London has no shortage of stunning floral vistas and gorgeous parks. Its a city so green-fingered that it’s absolutely stuffed to the rafters with carefully pruned flowers and centuries-old garden centres. And Transport for London is now boosting the city’s flowery displays hugely with the installation of wildflower plots all around the city.
TfL is installing these new wildflower plots, or verges, in areas such as the Gants Hill roundabout in Redbridge, the Clockhouse roundabout in Feltham, and along the A21 Sevenoaks Road in Bromley. These join the likes of TfL’s already planted flowers at the Redbridge roundabout, the Rowley Lane roundabout on the A1, and stretching along the A40 in Hillingdon. The new wildflower plots bring the amount of acreage covered by TfL’s wildflower planting scheme up to almost 130,000 square metres.
Why is TfL planting wildflowers?
The wildflower plots are a key part of TfL’s goal to increase biodiversity in the city across its estates. An upcoming Green Infrastructure and Biodiversity Plan, in which the wildflower verges feature heavily, will outline TfL’s plan to “encourage biodiversity, mitigate climate change and become more sustainable in its operations”.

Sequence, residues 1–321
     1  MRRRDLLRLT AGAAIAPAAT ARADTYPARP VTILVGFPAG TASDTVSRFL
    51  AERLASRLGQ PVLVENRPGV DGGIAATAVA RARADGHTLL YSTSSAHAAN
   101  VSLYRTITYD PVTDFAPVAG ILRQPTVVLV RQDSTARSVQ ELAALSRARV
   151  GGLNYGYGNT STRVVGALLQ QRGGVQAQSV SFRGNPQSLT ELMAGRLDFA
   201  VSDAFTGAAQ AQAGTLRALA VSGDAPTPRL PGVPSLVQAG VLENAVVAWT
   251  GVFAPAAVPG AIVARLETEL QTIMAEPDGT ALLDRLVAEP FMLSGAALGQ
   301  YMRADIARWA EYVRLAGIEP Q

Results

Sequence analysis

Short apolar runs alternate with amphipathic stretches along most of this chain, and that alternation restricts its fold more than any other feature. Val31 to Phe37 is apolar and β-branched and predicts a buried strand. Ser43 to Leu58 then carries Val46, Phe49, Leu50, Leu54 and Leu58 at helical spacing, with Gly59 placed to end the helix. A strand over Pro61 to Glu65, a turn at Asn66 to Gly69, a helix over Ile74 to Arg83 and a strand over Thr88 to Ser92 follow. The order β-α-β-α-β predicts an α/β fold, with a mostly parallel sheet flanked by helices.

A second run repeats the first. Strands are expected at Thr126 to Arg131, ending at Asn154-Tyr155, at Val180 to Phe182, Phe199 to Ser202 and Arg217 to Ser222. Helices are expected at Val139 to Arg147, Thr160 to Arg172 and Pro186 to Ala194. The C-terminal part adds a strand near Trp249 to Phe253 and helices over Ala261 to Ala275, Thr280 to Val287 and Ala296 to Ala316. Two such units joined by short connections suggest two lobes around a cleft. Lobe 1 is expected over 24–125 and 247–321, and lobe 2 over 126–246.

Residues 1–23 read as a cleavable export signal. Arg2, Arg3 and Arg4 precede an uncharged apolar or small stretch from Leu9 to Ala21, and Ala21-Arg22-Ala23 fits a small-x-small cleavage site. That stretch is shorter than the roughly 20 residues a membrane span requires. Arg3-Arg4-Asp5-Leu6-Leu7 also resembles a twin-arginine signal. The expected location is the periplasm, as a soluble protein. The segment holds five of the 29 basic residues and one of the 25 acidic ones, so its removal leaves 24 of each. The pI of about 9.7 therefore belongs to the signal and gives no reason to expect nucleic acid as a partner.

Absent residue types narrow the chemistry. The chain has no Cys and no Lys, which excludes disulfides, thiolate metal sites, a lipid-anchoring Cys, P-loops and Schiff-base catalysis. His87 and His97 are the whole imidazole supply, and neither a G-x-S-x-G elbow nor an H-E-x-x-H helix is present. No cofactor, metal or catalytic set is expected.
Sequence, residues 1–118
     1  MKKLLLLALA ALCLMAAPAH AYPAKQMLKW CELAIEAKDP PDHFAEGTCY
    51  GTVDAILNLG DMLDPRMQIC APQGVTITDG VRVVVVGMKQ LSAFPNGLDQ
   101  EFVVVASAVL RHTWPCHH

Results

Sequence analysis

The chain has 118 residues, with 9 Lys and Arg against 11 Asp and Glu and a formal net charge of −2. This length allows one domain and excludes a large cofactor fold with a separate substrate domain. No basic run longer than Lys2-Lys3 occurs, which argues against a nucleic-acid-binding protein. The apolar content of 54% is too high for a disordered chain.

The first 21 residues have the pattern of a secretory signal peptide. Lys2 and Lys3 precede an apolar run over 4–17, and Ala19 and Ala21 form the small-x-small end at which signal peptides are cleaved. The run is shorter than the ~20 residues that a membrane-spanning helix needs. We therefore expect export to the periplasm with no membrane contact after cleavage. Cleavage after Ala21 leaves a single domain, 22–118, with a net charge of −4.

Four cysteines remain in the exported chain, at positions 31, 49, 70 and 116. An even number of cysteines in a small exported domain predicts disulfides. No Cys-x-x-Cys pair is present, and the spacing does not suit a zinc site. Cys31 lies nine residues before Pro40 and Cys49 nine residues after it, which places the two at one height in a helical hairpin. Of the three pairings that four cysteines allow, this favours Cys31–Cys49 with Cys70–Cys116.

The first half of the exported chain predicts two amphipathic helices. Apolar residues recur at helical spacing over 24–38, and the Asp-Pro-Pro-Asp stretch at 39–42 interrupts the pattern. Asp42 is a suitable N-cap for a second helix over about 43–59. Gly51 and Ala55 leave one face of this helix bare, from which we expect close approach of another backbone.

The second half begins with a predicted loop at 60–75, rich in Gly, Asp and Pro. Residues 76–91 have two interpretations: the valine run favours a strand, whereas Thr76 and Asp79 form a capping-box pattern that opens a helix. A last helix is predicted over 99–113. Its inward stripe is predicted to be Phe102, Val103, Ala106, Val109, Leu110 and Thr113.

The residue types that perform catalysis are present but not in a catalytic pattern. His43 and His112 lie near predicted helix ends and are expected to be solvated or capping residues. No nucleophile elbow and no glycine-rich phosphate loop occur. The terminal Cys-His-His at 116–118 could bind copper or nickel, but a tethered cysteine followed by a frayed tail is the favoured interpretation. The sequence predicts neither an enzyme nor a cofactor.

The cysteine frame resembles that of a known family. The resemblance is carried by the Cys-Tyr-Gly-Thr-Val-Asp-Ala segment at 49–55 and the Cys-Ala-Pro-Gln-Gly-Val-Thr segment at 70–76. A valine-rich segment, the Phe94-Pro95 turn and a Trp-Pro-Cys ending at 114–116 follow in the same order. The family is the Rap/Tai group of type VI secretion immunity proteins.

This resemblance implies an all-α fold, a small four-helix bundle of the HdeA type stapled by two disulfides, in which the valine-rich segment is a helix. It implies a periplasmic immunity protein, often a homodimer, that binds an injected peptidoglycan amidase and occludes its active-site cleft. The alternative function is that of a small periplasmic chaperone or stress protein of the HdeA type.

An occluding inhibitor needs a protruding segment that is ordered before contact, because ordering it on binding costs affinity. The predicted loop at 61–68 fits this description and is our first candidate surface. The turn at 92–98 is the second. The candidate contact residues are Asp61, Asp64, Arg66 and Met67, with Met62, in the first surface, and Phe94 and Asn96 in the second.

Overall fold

It goes a little further, however, than just ‘flowers and plants are good for the environment’. Wildflowers are particularly useful, as naturally growing, native plants, at providing food, nectar, and shelter for wildlife. This stretches beyond the obvious bees, to butterflies, birds, and small mammals too.
Said Lilli Matson, Chief Safety Health and Environment Officer at TfL:
“We are committed to building a network that is resilient to climate change and promotes biodiversity while being safe and reliable for Londoners. The new wildflower verges will encourage biodiversity and make London a more liveable and nature-rich city. We will continue to work with our partners to adapt our network to reduce the short and long-term impacts of climate change.”
According to TfL, with the right investment and partnerships, the Mayor’s and TfL’s plans to make London a net zero-carbon city by 2030 are more than achievable.
Find out more about what else TfL is doing to maintain and manage the city’s green infrastructure here.